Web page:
NBC Execs Talk Revolution Hiatus, Plan for 'Unique' Hannibal, The Voice Concerns and More

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NBC Execs Talk Revolution Hiatus, Plan for 'Unique' Hannibal, The Voice Concerns and More
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NBC Execs Talk Revolution Hiatus, Plan for 'Unique' Hannibal, The Voice Concerns and More

NBC executives held court Sunday at the Television Critics Association’s winter press tour in Pasadena, where they fielded questions about Revolution‘s huge hiatus, perhaps cuing up too much of The Voice, Hannibal‘s possibly too-dark subject matter and other hot topics.

But first, network chair Robert Greenblatt thoroughly touted his winning fall, buoyed in large part by Sunday Night Football, The Voice and both TV’s No. 1 new drama (Revolution) and comedy (Go On).

“The strategy [of airing The Voice in fall] worked — and I think it worked better than any of us thought it would,” Greenblatt said. Among the supporting data: NBC is up 24 percent season-to-date in the 18-49 demo versus 2011-12 and up 19 percent in total viewers (and is the only broadcast network to rise in either measure); this fall, NBC won or tied for No. 1 in 12 of 14 weeks, including an 11-week winning streak; and the Peacock is the only major whose median age is getting younger (now 48.4). (Even The CW is rising, now at 41.2, he crowed.)

All told, The Voice has boosted Mondays 176 percent (and Tuesdays 44 percent), while Revolution is besting Castle and Hawaii Five-0 in every demo. Go On lead-out The New Normal is regularly beating its sitcom competition, Parenthood has bested Vegas five out of their last six face-offs, Chicago Fire is the only new drama to improve on its premiere numbers (and multiples times at that), and Grimm, when it’s on, is Friday’s top-rated show.

That said, Greenblatt acknowledged that there is work to do on Thursdays, where its sitcom line-up does well with certain young demos but otherwise fails to make a dent.

Then, fielding questions, these topics were covered:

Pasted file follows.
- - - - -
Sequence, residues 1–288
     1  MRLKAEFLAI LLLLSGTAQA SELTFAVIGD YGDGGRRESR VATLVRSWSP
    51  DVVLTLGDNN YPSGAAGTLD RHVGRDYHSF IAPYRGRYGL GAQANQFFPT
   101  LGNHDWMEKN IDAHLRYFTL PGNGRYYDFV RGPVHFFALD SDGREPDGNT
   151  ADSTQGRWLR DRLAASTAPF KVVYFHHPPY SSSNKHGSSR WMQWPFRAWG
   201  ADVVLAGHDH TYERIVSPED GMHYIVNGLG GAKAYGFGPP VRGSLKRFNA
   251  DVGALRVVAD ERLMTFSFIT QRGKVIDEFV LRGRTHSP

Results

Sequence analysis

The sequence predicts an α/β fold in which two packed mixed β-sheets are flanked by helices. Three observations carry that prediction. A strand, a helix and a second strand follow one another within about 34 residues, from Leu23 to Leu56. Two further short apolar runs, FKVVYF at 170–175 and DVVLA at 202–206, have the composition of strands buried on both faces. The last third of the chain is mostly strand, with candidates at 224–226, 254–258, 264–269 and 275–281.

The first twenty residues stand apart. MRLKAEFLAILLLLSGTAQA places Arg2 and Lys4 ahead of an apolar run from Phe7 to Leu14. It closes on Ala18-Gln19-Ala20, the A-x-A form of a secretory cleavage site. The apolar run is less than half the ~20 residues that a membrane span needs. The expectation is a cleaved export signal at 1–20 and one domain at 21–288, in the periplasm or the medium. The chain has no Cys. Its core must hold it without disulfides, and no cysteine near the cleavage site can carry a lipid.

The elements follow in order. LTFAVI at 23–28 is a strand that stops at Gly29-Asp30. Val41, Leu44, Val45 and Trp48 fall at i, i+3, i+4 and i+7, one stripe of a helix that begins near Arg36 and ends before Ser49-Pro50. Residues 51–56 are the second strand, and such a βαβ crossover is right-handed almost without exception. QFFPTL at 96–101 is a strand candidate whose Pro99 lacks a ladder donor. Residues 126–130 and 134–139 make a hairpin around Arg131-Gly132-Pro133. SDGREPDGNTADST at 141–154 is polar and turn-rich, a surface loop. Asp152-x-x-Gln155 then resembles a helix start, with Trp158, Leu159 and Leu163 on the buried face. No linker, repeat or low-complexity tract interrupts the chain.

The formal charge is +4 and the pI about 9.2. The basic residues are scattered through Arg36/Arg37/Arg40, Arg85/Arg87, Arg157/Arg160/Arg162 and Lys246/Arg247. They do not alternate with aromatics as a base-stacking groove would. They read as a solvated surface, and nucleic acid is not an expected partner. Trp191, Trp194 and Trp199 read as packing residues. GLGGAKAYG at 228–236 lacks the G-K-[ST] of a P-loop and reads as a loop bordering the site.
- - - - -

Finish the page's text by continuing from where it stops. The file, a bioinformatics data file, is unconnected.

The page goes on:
REVOLUTION‘S HIATUS | Asked to defend what was positioned as a “uniformly terrible” decision to bench a popular new genre show for several months, Greenblatt retorted, “Is it uniformly terrible, or uniformly terrible for terrible shows? The safer play for us,” he argued, “was not to do what I think is equally bad, to put on one episode, then three repeats, then one on, one off…. If you market properly and have the goods, and you can run them all in a row… that’s the better long-term play.”

WILL THE VOICE ECHO HURT? | Speaking to the decision to air The Voice twice a year — and the possibility of viewer fatigue — Greenblatt said, “We haven’t really written that [pattern] in stone. If we feel for some reason we’re hurting the franchise, we could very well adjust that.” Plus, he noted that rotating in new coaches Shakira and Usher for Season 4 will provide a “very distinctive flavor.”

THE UP ALL NIGHT REVAMP | NBC entertainment president Jennifer Salke admitted that pulling the sophomore comedy off the air for a long stretch to reconfigure it as a traditional three-camera sitcom is “a bit of an experiment… but it’s one we’re taking.” Series leads Christina Applegate, Will Arnett and Maya Rudolph — the likes of which Salke said “are not growing on trees” — “were itching to really perform in a way [and] we all felt a live audience would be the best solution to that.”

WHEN WILL HANNIBAL AIR? (AND IS IT TOO VIOLENT?) | Bryan Fuller’s Hannibal, as well as Save Me (starring Anne Heche), “might” debut by the end of the season. If not, Greenblatt said Hannibal “could fit really nicely” into the summer season. Salke described Fuller’s take on the early days of Hannibal Lecter and the FBI agent, Will Graham, who dogged him as “really well-crafted” and “unique,” while Greenblatt rebuffed the suggestion that now, post-Sandy Hook, is not the time for a show about a serial killer. For one, having once lorded over Showtime, he argued that “Criminal Minds is worse than Dexter ever was.” Plus, on Hannibal, “There is a lot of violence around the show, but you don’t see lots of acts of violence.” Salke added, “It’s not a shoot-’em-up kind of show. It’s not gratuitous in a way you might be thinking.”

COMPETITION FROM KIMMEL, LENO’S SUCCESOR | Greenblatt said, “We anticipate some kind of impact” from ABC’s Jimmy Kimmel Live moving up a half-hour sooner to compete head-to-head with The Tonight Show, but noted that in the half hour the shows have always overlapped, “Jay virtually always beats Jimmy.” (“The bigger concern I’d have is the loss of Nightline,” he commented. “I’m not sure [those viewers] will go to Jimmy.) As for buzz that Jimmy Fallon might take over for Leno sooner rather than later, Greenblatt noted that Leno’s contract has just been extended, so “those conversations are a little bit premature.”

ON DECK: DRACULA, PIRATES AND ALEX P. KEATON | Dracula (starring Jonathan Rhys Myers) will be ready for a fall launch; Crossbones, a pirate drama, is heading into preproduction; and Michael J. Fox’s new comedy, which like Dracula and Hannibal was ordered straight to series, will have its first table read soon. In the more immediate future, NBC has ordered for this summer 13 episodes of Camp, a dramedy series in the tradition of Meatballs and Dazed & Confused.

 


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